Sketch of a Christian Missionary, such as Ireland needs

Asenath Nicholson
Chapter XXV (13) | Start of Chapter

This family's benevolence was on the lips of all the poor in the vicinity; though with a stinted salary, that salary is divided among the children of want, till, as I was informed, oftentimes a scanty supply is left for their own necessities. Would to God, Ireland could boast many more such among the full-fed, over-paid clergy of the country. Here I found a devoted, active, efficient Bible reader, with a salary of thirty pounds a year, who goes from house to house among all classes, and explains the Word of God to those who have not access to it. He met in most cases with a kind reception, and why? Because he went with the love of God in his heart, and talked of this love; held up Christ and him crucified, which is all the sinner needs. If love will not melt the flinty heart, will bitterness do it? I truly believe that the Word of God would not only have been received with willingness, but sought after by the greater part of the peasantry of Ireland, had it been presented with no sectarian denunciations, and had all the teachers, like this one, been humble, self-denying, and kindly. It is a most important item in the qualification of teachers, that they understand human nature in its various developements. It is not enough that they can pronounce well, elevate and depress the voice according to the rules of punctuation, expatiate on the eloquence of St. Paul, or the sin of Ananias. They should know well not only the broad avenues to the heart, but the narrow streets; yes, and every repulsive forbidden alley. They should know, too, the time of day when these paths can most prudently and easily be trodden. There is not a heart but has its waxings and wanings; there is not a temperament but has its ebbings and flowings; and, like the skilful mariner, they should know where to cast anchor, and when to trim the sails. They should know when in deep water, and when near shoals and quicksands. In travelling the entire coast of Ireland, I needed not to see a Bible-reader, to know his abilities or faithfulness. The Irish peasantry have an uncommonly just conception of propriety and impropriety, right and wrong, benevolence and covetousness. A dabster at his trade, or a filthy-lucre laborer is quickly discerned.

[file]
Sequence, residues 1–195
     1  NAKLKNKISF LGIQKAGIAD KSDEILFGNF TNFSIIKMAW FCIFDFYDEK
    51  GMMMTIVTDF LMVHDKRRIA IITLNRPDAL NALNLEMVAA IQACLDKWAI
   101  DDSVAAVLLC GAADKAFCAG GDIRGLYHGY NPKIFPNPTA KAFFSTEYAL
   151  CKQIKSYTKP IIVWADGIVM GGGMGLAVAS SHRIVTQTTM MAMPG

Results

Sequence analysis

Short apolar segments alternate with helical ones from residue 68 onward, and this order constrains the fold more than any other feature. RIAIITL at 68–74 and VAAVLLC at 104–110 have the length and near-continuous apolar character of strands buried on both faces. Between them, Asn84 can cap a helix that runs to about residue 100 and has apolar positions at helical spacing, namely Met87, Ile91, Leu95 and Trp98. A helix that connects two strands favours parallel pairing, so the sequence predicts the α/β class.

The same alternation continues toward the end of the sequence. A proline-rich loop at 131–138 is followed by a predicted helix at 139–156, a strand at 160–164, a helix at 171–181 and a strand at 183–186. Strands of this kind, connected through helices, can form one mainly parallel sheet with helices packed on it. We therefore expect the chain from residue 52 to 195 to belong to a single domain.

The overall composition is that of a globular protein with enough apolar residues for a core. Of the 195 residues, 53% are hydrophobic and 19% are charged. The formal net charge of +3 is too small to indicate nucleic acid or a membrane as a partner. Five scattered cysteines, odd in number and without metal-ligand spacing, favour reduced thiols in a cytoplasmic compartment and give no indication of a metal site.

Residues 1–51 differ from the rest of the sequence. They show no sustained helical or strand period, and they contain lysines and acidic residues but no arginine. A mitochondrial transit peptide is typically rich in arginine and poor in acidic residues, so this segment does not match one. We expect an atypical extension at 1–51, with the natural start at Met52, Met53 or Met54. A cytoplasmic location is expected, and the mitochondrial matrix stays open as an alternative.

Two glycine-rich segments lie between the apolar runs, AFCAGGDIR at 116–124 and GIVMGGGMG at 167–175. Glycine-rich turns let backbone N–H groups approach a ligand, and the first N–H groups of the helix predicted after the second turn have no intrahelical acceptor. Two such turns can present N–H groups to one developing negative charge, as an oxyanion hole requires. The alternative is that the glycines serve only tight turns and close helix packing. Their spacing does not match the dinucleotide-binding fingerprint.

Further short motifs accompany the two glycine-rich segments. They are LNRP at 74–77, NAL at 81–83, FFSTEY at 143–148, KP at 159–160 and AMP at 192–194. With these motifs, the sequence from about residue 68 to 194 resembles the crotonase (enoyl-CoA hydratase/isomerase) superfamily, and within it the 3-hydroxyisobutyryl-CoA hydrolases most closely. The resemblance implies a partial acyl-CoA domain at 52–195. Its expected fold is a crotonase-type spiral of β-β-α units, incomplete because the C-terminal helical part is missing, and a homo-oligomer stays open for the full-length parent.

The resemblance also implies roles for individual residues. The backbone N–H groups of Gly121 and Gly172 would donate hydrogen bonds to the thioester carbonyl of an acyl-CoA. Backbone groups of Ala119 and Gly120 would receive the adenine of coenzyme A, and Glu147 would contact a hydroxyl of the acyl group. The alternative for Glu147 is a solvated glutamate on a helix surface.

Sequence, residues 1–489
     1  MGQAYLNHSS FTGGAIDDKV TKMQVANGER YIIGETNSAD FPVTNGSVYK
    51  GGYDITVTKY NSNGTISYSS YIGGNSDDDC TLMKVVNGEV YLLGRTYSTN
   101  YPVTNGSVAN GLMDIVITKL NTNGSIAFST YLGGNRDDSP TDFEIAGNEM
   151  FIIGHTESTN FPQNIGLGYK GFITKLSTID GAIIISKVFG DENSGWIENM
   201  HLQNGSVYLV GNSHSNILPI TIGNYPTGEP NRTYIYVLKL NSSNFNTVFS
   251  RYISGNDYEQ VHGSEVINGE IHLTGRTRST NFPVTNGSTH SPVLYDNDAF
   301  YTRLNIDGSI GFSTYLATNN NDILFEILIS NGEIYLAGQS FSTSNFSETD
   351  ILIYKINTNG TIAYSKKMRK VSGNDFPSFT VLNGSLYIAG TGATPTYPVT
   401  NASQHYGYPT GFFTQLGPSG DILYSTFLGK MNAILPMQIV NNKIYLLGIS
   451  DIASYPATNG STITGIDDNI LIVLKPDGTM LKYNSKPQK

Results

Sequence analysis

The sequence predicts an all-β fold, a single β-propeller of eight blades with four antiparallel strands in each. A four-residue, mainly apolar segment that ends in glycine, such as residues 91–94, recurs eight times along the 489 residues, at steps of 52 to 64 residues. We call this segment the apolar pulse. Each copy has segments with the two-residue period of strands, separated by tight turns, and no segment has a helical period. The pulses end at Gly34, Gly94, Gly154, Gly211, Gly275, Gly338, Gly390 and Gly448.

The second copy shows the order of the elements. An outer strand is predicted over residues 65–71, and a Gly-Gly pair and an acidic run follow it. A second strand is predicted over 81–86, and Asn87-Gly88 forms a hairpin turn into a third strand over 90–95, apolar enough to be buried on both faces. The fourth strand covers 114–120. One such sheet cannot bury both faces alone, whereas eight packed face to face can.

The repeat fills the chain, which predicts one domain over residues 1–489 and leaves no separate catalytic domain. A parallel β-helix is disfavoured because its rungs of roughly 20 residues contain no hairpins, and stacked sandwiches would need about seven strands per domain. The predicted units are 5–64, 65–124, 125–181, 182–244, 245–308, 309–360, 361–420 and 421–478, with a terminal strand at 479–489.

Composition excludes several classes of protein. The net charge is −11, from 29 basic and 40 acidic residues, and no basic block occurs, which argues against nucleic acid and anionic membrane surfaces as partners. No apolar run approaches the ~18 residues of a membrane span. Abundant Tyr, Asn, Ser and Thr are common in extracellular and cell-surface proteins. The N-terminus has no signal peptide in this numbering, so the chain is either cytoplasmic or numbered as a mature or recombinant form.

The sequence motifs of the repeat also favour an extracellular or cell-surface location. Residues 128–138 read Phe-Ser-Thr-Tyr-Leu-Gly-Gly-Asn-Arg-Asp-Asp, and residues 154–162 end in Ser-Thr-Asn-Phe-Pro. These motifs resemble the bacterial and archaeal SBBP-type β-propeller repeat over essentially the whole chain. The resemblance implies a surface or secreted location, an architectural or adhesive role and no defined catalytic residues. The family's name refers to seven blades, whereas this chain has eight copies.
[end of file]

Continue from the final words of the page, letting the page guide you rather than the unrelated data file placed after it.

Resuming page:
"Lay not careless hands," &c.

Ireland’s Welome to the Stranger is one of the best accounts of Irish social conditions, customs, quirks and habits that you could wish for. The author, Mrs Asenath Nicholson, was an American widow who travelled extensively in Ireland on the eve of the Great Famine and meticulously observed the Irish peasantry at work and play, as well as noting their living conditions and diet. The book is also available from Kindle.